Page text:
CBS Sports Danny Knobbler is reporting that the San Diego Padres have acquired Huston Street from the Colorado Rockies for the presumably small price of a player to be named later.

I suppose it’s possible that the player yet to be named was a draft pick from 2011 that isn’t eligible to be traded, but otherwise the deal appears to be a straight salary dump, with the Padres picking up the remainder of Street’s contract which includes a $7.5 million salary in 2012, plus a $9 million mutual option in 2013 (with a $500,000 buyout).

There are two ways of looking at this deal: 1) The Padres got better by not re-signing Heath Bell, reaping a compensatory draft pick and acquiring Street, but 2) San Diego just acquired a reliever who will be their team’s highest paid player next year. Why?

I suppose there’s something to be said for the mid season trade value of a relief pitcher, but the new collective bargaining agreement effectively eliminates the insurance that non-competitive teams previously enjoyed when they picked up a relief pitcher and could rely on a supplemental draft pick the next season at worse.

That’s not to discredit Street, whose availability I’m surprised didn’t create more buzz this off season. As I wrote earlier this week, Street allowed something close to one home run per nine innings in every year of his career prior to this past season, when he posted a below average 1.59 HR/9 rate in 2011.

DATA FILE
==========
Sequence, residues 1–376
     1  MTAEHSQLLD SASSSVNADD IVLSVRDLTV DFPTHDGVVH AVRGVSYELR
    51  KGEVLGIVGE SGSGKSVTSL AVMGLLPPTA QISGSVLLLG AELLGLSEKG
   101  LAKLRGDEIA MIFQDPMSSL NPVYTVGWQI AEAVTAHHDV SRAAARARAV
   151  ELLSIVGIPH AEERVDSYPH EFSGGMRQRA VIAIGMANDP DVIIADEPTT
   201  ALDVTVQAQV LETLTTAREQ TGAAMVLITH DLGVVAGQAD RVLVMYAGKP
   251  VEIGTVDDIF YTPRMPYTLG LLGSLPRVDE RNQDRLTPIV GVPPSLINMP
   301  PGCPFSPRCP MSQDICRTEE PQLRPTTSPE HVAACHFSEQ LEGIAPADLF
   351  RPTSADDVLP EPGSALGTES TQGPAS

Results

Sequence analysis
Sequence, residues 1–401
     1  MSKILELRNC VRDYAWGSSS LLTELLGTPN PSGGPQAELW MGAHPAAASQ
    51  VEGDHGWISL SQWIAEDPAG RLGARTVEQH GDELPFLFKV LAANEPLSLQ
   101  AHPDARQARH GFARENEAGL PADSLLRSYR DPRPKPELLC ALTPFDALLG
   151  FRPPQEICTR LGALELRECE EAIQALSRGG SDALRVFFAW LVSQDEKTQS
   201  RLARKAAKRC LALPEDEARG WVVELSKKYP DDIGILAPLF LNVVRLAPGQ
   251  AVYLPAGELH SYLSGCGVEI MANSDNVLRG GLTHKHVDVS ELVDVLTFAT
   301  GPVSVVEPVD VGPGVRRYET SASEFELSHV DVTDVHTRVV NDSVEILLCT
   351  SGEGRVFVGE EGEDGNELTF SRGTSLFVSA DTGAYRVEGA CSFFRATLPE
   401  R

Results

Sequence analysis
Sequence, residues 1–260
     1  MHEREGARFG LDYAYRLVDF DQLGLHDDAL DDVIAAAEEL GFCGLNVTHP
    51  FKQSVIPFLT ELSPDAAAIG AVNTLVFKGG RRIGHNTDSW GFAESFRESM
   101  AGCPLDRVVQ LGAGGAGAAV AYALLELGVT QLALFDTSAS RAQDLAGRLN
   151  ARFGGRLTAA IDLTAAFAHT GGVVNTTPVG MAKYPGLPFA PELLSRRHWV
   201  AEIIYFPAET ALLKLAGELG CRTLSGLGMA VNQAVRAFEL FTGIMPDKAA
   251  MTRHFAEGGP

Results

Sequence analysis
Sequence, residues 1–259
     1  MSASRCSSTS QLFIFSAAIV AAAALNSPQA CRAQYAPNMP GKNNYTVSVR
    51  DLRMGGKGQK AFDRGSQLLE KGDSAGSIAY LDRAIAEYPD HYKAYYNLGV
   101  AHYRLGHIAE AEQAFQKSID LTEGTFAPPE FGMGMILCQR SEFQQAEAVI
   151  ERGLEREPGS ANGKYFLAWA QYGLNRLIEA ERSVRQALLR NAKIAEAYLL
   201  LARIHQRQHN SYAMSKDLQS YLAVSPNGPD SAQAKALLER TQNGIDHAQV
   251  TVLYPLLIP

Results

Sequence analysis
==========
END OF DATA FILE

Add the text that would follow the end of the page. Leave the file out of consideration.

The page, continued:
That would be far more concerning if we didn’t also see his HR/FB basically double from his career rate coming into this past season. Street actually saw his fly ball rate decrease overall in 2011, but a larger percentage of those fly balls went for home runs. There’s an element of luck involved in this as there’s little difference between deep fly balls getting caught at the warning track and sailing over the fence. Of all the relievers to throw at least 50 innings last season, Street’s HR/FB ratio was the fourth largest in the league. Typically, pitchers with homerun rates much higher or lower than league average, or even their career average, will normally regress back toward those numbers in the future.

Much more important than worrying about the number of home runs he gave up with such a high HR/FB ratio, is that Street had the fourth lowest walk rate in the league last season. He accomplished this despite throwing a below average 42.6% of his pitches in the zone thanks to an impressive swinging strike rate of 13.1% (the league average last season was 8.6%). Meanwhile, the velocity on his fastball, slider and change up were close to his career averages despite a mid-season injury.

Last year, Street did a great job of using his fastball to set up his swing and miss slider against righties and change up versus lefties. Although left handed batters performed better against Street last year than in previous seasons, it’s worth noting that Street might benefit by trying his slider more often against lefties, something he did in 2010 to great effect.

Of course, that could all be moot because pitching to left handed batters in Petco Park is one of the easiest things in baseball to do, answering the two concerns that you might have with Street if you believe that the sudden increase in home runs wasn’t random or that he can’t improve against left handed batters.